Advocating For A More Balanced Approach Towards Sustainable Forest Management In Bhutan: World Bank

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According to the World Bank’s latest report, forestry constitutes an important but under-utilised economic sector in Bhutan.

(Source: Wikimedia Commons)

 

By Phub Gyem Kuensel

Despite having vast forest covers, only five percent of the total forest area in Bhutan is currently under commercial management. This makes the tiny Himalayan Kingdom a net importer of forest-based products.

According to the World Bank’s latest report, forestry constitutes an important but under-utilised economic sector in Bhutan. 

Statistics on the forestry sector in Bhutan

As per Bhutan’s national accounts, forestry contributed between 2.9 percent and 2.4 percent of its GDP between 2013 and 2017.

In Bhutan, the Natural Resources Development Corporation Limited (NRDCL) is the most important entity which supplies commercial logs and fuel wood, covering almost 80 percent of the total forestry activities.   

 

Map: World Bank

 

In addition, forest areas designated to community forestry groups account for three percent and forest area utilised by rural households for subsistence use accounts for another seven percent.

While environmental benefits are prioritised by Bhutan’s forest policies, the World Bank states that there is a clear rationale for a more balanced approach towards sustainable forest management, that is - between environmental conservation and economic development objectives.

Suggestions on how to achieve sustainable forest management in Bhutan

A sustainable forest management, it suggests, will be able to provide the basis for a triple win: for Bhutan’s economic growth, for securing peoples’ livelihoods, and for the global environment agenda which includes combating climate change and conserving biodiversity.

Some suggestions on how to improving the productivity of Bhutan’s forestry sector are:

  1. building up forest-based small and medium enterprises, and
  2. developing new job opportunities in the wood-based and construction industry.

The approach is expected to generate jobs, revenue, and new income sources especially for the rural population and urban youth of Bhutan.  

 

Source: WWF Bhutan

 

It will also focus on co-benefits linked to increased resilience, climate change mitigation, and biodiversity conservation.

The World Bank also recommends transforming the forestry sector by investing in forest-based enterprises such as trading timber and non-timber forest products (NTFPs) without disturbing Bhutan’s mandated 60 percent forest cover.

Benefits which sustainable forest management will bring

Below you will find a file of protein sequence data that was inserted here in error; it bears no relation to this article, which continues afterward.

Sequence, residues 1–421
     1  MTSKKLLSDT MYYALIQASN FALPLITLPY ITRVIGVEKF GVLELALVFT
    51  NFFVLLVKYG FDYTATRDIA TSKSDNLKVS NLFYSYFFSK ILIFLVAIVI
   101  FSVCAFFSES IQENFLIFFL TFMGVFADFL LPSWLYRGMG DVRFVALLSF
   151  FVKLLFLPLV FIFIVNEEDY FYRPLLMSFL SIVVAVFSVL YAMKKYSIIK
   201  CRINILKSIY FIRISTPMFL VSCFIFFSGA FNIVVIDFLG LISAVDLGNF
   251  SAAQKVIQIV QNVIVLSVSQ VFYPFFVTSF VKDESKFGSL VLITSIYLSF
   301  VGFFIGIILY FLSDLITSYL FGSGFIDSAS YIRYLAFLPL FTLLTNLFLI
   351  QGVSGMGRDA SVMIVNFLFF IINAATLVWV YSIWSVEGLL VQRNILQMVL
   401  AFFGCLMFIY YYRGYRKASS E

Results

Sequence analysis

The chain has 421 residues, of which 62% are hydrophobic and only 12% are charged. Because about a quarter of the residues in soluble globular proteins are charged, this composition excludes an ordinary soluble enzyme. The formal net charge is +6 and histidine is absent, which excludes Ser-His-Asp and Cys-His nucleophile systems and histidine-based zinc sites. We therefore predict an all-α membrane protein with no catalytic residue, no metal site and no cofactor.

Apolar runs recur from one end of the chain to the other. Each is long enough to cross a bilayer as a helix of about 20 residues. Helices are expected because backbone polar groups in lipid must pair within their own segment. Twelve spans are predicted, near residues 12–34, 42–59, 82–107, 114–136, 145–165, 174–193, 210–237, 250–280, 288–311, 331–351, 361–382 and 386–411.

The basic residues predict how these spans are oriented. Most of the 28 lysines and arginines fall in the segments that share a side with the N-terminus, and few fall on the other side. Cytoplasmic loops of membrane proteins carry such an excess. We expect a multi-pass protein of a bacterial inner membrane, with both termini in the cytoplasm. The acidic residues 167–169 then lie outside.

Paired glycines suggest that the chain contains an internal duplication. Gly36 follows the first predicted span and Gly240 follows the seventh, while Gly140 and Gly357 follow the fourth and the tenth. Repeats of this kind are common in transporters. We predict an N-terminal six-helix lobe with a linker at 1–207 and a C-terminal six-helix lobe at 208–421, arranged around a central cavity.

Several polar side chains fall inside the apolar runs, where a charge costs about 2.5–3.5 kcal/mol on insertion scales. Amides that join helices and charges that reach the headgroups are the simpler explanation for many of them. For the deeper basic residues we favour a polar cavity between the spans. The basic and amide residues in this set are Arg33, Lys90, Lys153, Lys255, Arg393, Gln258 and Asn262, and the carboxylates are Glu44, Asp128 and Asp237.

More investments in wood-substitution technology will allow Bhutan to replace greenhouse gas emission-intense materials like steel and cement with wood. For instance, using cross-laminated timber technologies which will store carbon for a lifetime.

Accordingly, sustainable forest management will be able to provide opportunities to increase timber harvesting volume within sustainable harvesting levels.

 

 

Graphic: World Bank

 

It will also aid in the development of forest-based industries; the use of wood-based construction materials; building expertise on wood engineering and architecture; and moving parts of the timber market from a fixed-price to a competitive system.

In addition, the long-term opportunity offered by sustainable forest management includes the production of domestic charcoal, high-value furniture industry, and online timber and NTFP auctioning system.

Some objections faced in developing Bhutan’s forest industry

Even though there are many advantages which the above-mentioned developments may bring, sustainable forest management does face some potential challenges. Some of which are:

  1. strong sense of favouring forest protection over forest utilisation;
  2. shortages of capacity and technologies for sustainable forest management;
  3. lack of skilled labour in forest-based industries; and
  4. the shortfall of funds needed to invest in the development of the forestry sector and related industries.

According to the National Environment Commission, between 2008 and 2014, about 23,300 acres of government reserved forest land was lost to the construction of transmission lines, 13, 500 acres to farm roads, and 12,900 acres to long-term land lease.

In addition, between 2011 and 2012, 378 acres of government land was allocated from protected areas and 6,330 acres of land from other state lands for developmental purposes which led to habitat fragmentation.

The rate of conversion of Bhutan’s forests into other land uses is increasing and this trend remains a concern for the government.

 

This article first appeared in Kuensel and has been edited for Daily Bhutan.

 


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